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Shell boss Shell insists it can achieve net zero by 2050. But it will still need to have the oil and gas industry’s cash to make it happen.

Ben van Beurden rejected the idea of separating its legacy oil-and gas business and its renewables investments, as suggested by Third Point activist shareholder.

Exclusively speaking to BBC, he stated that the company’s efforts for greener energy would only be possible if oil and gas were used as funding.

“At that point in time [the cash]He said that the legacy business is what gave rise to this idea.

Speaking at Europe’s largest oil refinery Pernis in Rotterdam, Mr van Beurden said that he intends to convert the plant from making petrol and diesel to producing biofuels as well as hydrogen within the next decade.

These things are possible only if there is a Pernis facility to use and the money.

He stated that if we need to construct a hydrogen plant out of a windfar that was built in the North Sea, it is unlikely that a hydrogen company will fund the project. Instead, the oil and natural gas industry would finance the construction.

Oil and gas are not a dying business. Shell plans to build new oilfields, including Cambo in North Sea. It hopes that this will allow it to produce 170,000,000 barrels per year.

Is that possible?

According to Mr van Beurden, the Cambo oilfield decision will ultimately be made by the government. However, it is not sensible to use UK resources to supplement domestic imports.

He stated, “Why would I say: We don’t need to get oil from our own resources. Let us import it from some other country with a greater carbon footprint.

“I do not believe it will contribute to the UK balance of payment and won’t help reduce the carbon footprint around the globe.”

Shell has an estimated global carbon footprint that is twice as large as Russia, if you take into account the emission from Shell customers.

Next year, it plans to spend four-times as much money on oil and gas exploration as on renewables. Shell cannot meet either its own emissions reduction targets, or the Dutch court’s requirements that it reduce net carbon dioxide by 50% by 2030 and completely eliminate them by 2050. Shell plans to appeal a portion of this ruling.

Shell will also make every effort to lower the carbon emissions from its customers, which account for 90% of Shell’s total carbon footprint. Shell plans to appeal the court decision.

Shiu Laew, from Climate Insights consultancy has looked at Shell’s expenditure plans. He estimates that Shell would be producing greater emissions in 2030 than what it currently is because of its plan to increase its gas-business.

“Even though you are very generous with your expectations and suppose they receive all of the carbon capture, storage, offsets and credits that they need, they could just miss their 2030 targets. They won’t be able deliver on 2050.”

He says, “In reality, they will increase emissions until 2030 and continue to produce significant amounts of emission in 2050.”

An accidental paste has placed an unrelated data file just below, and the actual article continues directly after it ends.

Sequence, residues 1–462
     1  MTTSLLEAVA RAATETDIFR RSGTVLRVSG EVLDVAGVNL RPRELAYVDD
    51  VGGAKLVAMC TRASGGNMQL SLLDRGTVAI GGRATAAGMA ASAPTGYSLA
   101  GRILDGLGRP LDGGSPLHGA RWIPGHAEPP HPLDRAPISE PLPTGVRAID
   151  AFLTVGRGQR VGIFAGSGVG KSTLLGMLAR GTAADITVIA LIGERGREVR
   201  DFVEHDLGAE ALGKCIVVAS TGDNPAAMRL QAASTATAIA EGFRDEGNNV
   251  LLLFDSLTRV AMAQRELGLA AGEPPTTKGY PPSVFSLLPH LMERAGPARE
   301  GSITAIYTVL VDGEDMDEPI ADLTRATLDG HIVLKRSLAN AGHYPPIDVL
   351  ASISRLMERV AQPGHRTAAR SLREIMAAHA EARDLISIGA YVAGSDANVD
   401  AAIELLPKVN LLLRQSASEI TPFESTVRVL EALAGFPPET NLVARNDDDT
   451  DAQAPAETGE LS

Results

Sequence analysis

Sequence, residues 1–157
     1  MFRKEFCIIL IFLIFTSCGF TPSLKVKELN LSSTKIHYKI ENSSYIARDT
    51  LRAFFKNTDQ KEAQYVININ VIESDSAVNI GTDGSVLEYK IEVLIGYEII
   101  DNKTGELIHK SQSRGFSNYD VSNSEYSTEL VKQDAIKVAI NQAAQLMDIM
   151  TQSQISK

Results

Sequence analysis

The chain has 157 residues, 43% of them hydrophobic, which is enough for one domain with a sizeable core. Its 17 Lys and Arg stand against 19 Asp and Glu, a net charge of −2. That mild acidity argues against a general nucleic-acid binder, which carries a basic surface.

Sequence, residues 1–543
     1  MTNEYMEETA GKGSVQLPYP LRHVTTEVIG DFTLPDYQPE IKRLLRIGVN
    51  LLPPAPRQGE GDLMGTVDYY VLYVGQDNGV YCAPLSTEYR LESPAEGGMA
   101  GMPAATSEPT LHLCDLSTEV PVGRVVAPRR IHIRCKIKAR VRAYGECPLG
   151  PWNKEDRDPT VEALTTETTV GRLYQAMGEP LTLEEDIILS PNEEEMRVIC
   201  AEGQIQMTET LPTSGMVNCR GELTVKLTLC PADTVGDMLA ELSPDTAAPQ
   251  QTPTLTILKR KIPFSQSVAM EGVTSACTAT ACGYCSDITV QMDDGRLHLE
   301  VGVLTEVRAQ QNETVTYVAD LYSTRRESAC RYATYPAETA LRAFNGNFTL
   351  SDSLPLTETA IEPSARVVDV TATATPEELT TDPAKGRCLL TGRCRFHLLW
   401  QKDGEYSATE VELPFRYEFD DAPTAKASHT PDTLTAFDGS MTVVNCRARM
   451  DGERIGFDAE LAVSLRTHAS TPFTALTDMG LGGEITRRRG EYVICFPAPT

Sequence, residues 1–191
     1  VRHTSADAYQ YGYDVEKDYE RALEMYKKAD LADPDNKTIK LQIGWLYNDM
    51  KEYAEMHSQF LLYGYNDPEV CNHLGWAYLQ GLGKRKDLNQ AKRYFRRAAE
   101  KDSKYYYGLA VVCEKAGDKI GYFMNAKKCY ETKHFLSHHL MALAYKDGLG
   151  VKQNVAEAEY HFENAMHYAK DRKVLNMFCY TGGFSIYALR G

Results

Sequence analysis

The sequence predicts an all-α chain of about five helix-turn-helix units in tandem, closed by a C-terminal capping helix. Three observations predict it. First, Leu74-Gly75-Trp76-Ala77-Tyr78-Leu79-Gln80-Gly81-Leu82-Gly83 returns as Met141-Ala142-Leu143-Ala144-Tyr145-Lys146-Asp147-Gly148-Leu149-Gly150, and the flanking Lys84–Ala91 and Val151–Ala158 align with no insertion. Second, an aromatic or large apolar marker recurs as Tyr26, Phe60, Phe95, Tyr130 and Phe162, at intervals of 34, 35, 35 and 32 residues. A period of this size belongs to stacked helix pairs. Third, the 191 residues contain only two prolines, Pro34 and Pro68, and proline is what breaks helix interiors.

These estimates, Mr van Beurden claims, are speculation. Shell insists that they’re on the right track and has cut its carbon intensity by 17% in 2016 – Mr van Beurden.

Shell is an important component of the UK’s most popular share index. You are most likely a part-owner of Shell, BP or other oil and natural gas companies if you have a retirement.

Many pension scheme trustees are urging their members and other fund managers to sell or divest from shares in fossil fuel companies to save them capital. According to Blackrock, the largest asset manager in the world which oversees 13 trillion dollars worth of pensions and savings, this would be a mistake.

“You cannot divest yourself from the rest of the world. Better to interact with companies and make your voice heard as a shareholder. Sandy Boss (head of investment stewardship) said, “If you divest you lose this influence.”

Some others point out that Shell could sell its oil and natural gas businesses to acquire those assets. This would happen even if Shell were less transparent or less willing to take the decarbonisation effort.

As was exposed by the current energy crisis, Britain and the rest are still heavily dependent upon fossil fuel. Van Beurden says that this dependence needs to be decreased over the long-term. If not, we may see price shocks which will prove counterproductive.

This energy transition could be achieved, I think. But it will need a lot orchestration and trust from the society. You can read more at

“If your goal is to undermine faith, drive up energy prices or create market failures by creating scarcity, then I believe politicians will lose the societal acceptance of this being possible.”

Shell may not be as powerful as its customers, but they might be even more powerful.

There will always be a demand for fossil fuels. Shell, or anyone else who can supply it. While government can influence demand, financial institutions can squeeze companies but it is ultimately the consumer who will decide if there are any net zeros in the future.

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